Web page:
The Birds of Joy by Luke Rolfes

Anton Chekhov Award for Very Short Fiction 2020 – 3rd Runner Up

The Birds of Joy

Down the hall of screams, men in plastic suits go by with another body in a wheelbarrow. The fifth one today—a woman in her mid-sixties. Dr. Tahim sits in a folding chair, eating a ham sandwich with one hand and signing a notepad the nurse is sticking in his face with the other. He can’t remember when he last ate, shaved, or showered. Earlier, when he looked in the dirty bathroom mirror, the gray in his cheeks surprised him.

“How about a bite,” says the nurse. Tahim holds up the sandwich and the nurse nips the corner. Part of the ham slides out of the bread and dangles from her lips. With her middle finger, she pushes the ham inside her mouth. “This is my joy,” the nurse says, and then leaves.

The lights in the hall of screams flicker. A voice yelling in a foreign language. The sound of rubber boots squeaking on tile.

 Another nurse comes by, a young Latino. He sits on Tahim’s lap. There is nowhere else to sit.

“Feels good to sit,” says the nurse. “Sitting is my joy.”

“My pants have blood on them,” says Tahim. “Sit on the other side.”

The nurse moves to the opposite leg. Tahim curls his arm around the nurse’s neck and takes another bite of sandwich.

“Did you hear about the birds?” the nurse asks.

“Are they carriers now?”

The nurse shakes his head. “Samantha—you know how she gets—overrode the automatic doors. The heat was melting the equipment, she claimed. One of the med students found her in the break room. She had stripped off her shirt and was sitting on top of the table drinking two cups of coffee at once. Her tits were covered in espresso and milk.”

“I’ll write a prescription,” says Tahim. “Something to help her sleep.”

The nurse continues. “Everybody laughed when the first bird flew in. ‘Get a couple brooms and a sheet,’ someone yelled. But the birds kept coming. Two, then four. Then a continuous wave. Hundreds, could be thousands, streaming in through the automatic door. Finally, Edward manually pulled the entrance closed. Outside, on the sidewalk, became a pile of stunned birds. All following the tail-feathers in front of them. Ramming the glass at full speed.”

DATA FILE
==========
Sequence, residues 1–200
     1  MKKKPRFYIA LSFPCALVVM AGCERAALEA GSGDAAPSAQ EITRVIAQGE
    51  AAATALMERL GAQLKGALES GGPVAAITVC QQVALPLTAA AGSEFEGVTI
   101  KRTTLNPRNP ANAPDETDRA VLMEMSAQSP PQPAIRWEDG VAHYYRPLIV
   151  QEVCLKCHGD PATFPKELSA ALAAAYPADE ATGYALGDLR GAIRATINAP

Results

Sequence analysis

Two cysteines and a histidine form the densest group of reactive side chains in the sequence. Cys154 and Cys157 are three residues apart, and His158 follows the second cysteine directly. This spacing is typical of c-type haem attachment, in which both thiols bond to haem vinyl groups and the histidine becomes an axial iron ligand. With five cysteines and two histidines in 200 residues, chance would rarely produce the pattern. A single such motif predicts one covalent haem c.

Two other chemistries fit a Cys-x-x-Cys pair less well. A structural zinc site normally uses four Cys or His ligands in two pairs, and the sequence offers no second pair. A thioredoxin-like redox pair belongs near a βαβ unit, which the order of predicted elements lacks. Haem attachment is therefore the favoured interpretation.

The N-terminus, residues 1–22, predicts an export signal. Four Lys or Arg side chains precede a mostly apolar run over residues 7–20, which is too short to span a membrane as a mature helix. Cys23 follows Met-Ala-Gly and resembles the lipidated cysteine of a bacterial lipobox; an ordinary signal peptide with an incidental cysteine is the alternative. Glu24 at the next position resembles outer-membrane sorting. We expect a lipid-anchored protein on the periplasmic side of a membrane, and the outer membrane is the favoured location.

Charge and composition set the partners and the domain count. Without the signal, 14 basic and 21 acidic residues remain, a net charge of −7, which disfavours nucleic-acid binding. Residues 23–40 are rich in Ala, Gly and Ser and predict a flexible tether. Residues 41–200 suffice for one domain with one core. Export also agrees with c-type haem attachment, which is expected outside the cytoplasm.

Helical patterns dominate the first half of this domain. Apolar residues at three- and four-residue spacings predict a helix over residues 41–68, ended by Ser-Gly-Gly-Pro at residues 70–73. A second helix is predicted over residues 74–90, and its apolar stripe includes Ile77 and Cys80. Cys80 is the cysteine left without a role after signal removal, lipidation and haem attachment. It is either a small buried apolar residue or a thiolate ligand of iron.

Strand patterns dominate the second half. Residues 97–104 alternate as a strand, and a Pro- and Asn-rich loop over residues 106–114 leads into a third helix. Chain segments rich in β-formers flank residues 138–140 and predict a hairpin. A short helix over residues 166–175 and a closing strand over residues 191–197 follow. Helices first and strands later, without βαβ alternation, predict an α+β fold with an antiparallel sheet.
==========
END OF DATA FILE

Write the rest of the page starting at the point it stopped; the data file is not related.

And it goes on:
“My leg is asleep,” says Tahim.

The nurse sighs and stands. He holds out his pad and Tahim scribbles a signature. The nurse flips the page and Tahim signs. The nurse flips the page again, and Tahim signs again.

“Try not to worry,” he tells the nurse. “The birds will eventually find their way out. My joy is being free from worry.”

He stands, rubs his beard, and stretches. He and the nurse walk in opposite directions down the corridor—the doctor toward the hall of screams, the nurse away.

Before starting his afternoon rounds, Tahim decides to visit Mrs. Anderson, the woman in the corner room with two windows. Her doorway is wide, and he can hear the mounted television playing the monotonous babble of the news channel. 

“How is your breathing this afternoon, Mrs. Anderson?” he says when he walks into her room. The old lady, in her 80’s, is sitting up and drinking a glass of ice water through a paper straw. 

“I want to be put on a ventilator,” she says.

“You don’t need it.”

“I talked to my daughter this morning. She says it’s important to reserve my ventilator right away.”

“We have plenty of ventilators.”

“Let me borrow your pen, doctor. I’ll write my name on one.”

“Please lean forward, Mrs. Anderson. I will listen to your lungs now.”

The elderly woman does as told. Dr. Tahim presses his stethoscope on her bony back. Through the earbuds, her old heart clangs; her lungs fill and un-fill. 

“Your breathing sounds beautiful, Mrs. Anderson. You’ve been blessed.”

The lights dim and flicker again. The sound of yelling farther down the hall of screams.  A tall man in a plastic suit runs past the doorway, boots squeaking.

“You said you would talk to them about putting sheets in the wheelbarrows,” Mrs. Anderson says.

“Next time. I promise,” he says. He smiles and pats her arm. “Now, as soon as you tell me your joy, I will continue my rounds and you can resume your television program.”  

Mrs. Anderson thinks for a moment and then says, “Joy came to me this morning.”

She pulls away the blanket next to her. Underneath is a metal bedpan, inside of which sits a tiny starling—shaking its head and blinking in the light. The bird scans the room, looking at the doctor, and then Mrs. Anderson, and then back to the doctor. It stands briefly on twig legs, but then ruffles its feathers and settles into the bedpan, uninterested in flight.


Luke Rolfes grew up outside of Des Moines, Iowa. His book Flyover Country won the Georgetown Review Press Short Story Collection Contest, and his fiction and essays have appeared in numerous journals including North American Review, Bat City Review, Connecticut Review, Baltimore Review, and others. He is a graduate of the MFA program at Minnesota State University and currently teaches creative writing at Northwest Missouri State University, where he serves as co-editor for The Laurel Review. He mentors in the AWP Writer to Writer Program.